Here lately at the Ontological Geek, I’ve been prattling self-indulgently about my personal life and in the meantime mulling over reader-response criticism and my continuing personal response to Bastion. Apparently, my experience with the game was able to convince me that my errant misanthropic addiction (read: the pew-pew) could teach me a thing or two about how to live. I think that Bastion, quite literally, gave me the motivation to summon up some good, old-fashioned intentionality and change my life for the better, despite non-ideal circumstances.
Kinda strange, isn’t it?
On this here website, we talk a lot of high-falutin’ gab about videogames being art. Okay, so what does that mean? Does art provide entertainment? Stimulate emotional conversation? Bring us closer to friends, family, and strangers through shared experience? Show us things (sometimes beautiful, sometimes terrible) that we’d never otherwise see?
Big flippin’ deal. Jerry Springer can do that.
So, we’ve got to be missing something. We can’t just talk about art in terms of what it provides us emotionally. Granted, a lot of the aesthetic experiences we take in (though all of our sundry media) are much more intentional, poignant, and meaningful than the tripe peddled by our aforementioned lapsed Brit. But, in my oh-so-very-humble-and-meek-and-mild-and-deepest-held-and-totally-subjective-and-my-editor-tells-me-not-to-apologize-or-disclaim-and-so‑I’m‑being-obnoxiously-and-ironically-obstuse opinion (*gasp*), we’re skipping out on a whole helluva lot, voluntarily, by taking the culturally appropriate response to art.
Now. What if we feel very strongly about the impact art can make, or are interested in its empirical or comparative study? Surely that’s a different matter entirely.
Much of our discourse on art: academic, professional, personal, or downright openly meaningless (think, like 90% of the conversations you’re likely to have ever), have very little to do with the pragmatic or immediate, and everything to do with…well, categorization. You know. Putting things into lists, and imagining that we’ve done something a lot harder and more meaningful than the media equivalent of collating invoices by address and date of birth. So, great! You’re able to categorize, group things by the ways in which they are common. You learned a thing or two from hearing “one of these things is not like the other” on Sesame Street. Congratulations.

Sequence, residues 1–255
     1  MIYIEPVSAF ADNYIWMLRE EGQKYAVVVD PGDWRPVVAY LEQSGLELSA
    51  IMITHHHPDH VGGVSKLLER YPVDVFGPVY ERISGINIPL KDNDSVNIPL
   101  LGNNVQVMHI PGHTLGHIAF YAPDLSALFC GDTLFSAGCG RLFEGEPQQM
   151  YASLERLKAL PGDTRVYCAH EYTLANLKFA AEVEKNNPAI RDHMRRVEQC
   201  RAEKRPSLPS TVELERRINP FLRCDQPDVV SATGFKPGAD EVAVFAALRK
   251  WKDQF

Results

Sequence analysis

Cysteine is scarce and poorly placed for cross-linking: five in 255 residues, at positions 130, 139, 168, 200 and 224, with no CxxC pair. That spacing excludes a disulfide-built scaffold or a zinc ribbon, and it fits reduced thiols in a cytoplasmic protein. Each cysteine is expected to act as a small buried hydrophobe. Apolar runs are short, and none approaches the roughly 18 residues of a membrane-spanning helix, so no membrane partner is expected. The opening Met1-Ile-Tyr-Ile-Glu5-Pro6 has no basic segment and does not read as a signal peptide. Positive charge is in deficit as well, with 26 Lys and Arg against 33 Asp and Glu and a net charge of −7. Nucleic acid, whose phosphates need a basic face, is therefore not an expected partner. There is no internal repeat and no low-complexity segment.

I’ve spoken before about reader-response, the form of criticism which holds that a piece of art should be judged individually and subjectively, by the respondents. This approach eliminates the problems inherent in that messy business of rote comparison (to deploy a cliché: putting things into boxes). Now, when we think of our responses to works (specifically multimedia ones, like videogames), often we recall our particular emotional engagements with the works. “It was a lot of fun,” “it made me sad,” “I was so happy when…” But there’s still something missing.
Another important (and oft-neglected) aspect of response is conviction, followed by interpretation and action. This is what we do with Shakespeare, Greek myths, and holy books like the Bible. We don’t just experience them once, shrug them off, or attempt to categorize them with similar works. We read, and re-read them (unlike videogames, most of the time), hoping not only to have similar or somewhat transformed emotional responses each time, but to discover new ways in which to make ourselves better. In this, we actually do perform an act of comparison, but rather than keeping the work at arm’s length, sticking on our glasses, and comparing with others on the shelf, we actually compare the work to our own lives. Draw it in closely. Compare our experiences of it to itself, year after year, noticing how our reader responses change with time.
Now, it seems to me that people used to experience at least literature in this way, a whole lot more frequently than is common in the current age. Kept copies of the Bible and Shakespeare, at least. The schoolhouses were full of (often error-ridden and poorly written, but nevertheless) primers on Greek myth. Not only were the students and readers expected to be able to read and comprehend these texts, they were expected to learn ethical lessons from them, and apply those lessons in everyday life.
So. The question I’d like to ask my readers is this: is it possible to draw moral teachings from videogames? “Life lessons,” if you will? How might our experiences with games change if we let the games change us?
I got started on this line of thought while discussing (of course) the Bible and Shakespeare. It occurred to me that there might be an entire goldmine of untapped Good Advice hidden in our favorite works of art, which we’d never get at unless we managed to get ourselves out of the medicinal/escapist funk. Truly endeavor to be transformed by our thumb-and-eyeball exercises. Incorporate the heart, too (or the prefrontal cortex, if you want to get really technical about it).
A few days after having this conversation and rolling it over in my gray stuff a time or two, I came across this meme being passed around on Facebook:
Of course this image is meant to be taken for little more than a warm-hearted, nostalgic chuckle. But what would it be like if we could draw life lessons from all of our favorite games? Return to the Literature (the “Scripture,” to use a term loosely) time and time again, each time adding specificities to the lessons learned before. Charting progress.
Seems very strange to suggest that those who hunger and thirst for righteousness might not be entirely ill-advised to turn to videogames, but there it is. Apparently I am incapable of shutting up about this, but I’ve tried it with Bastion. Still am. Works for me.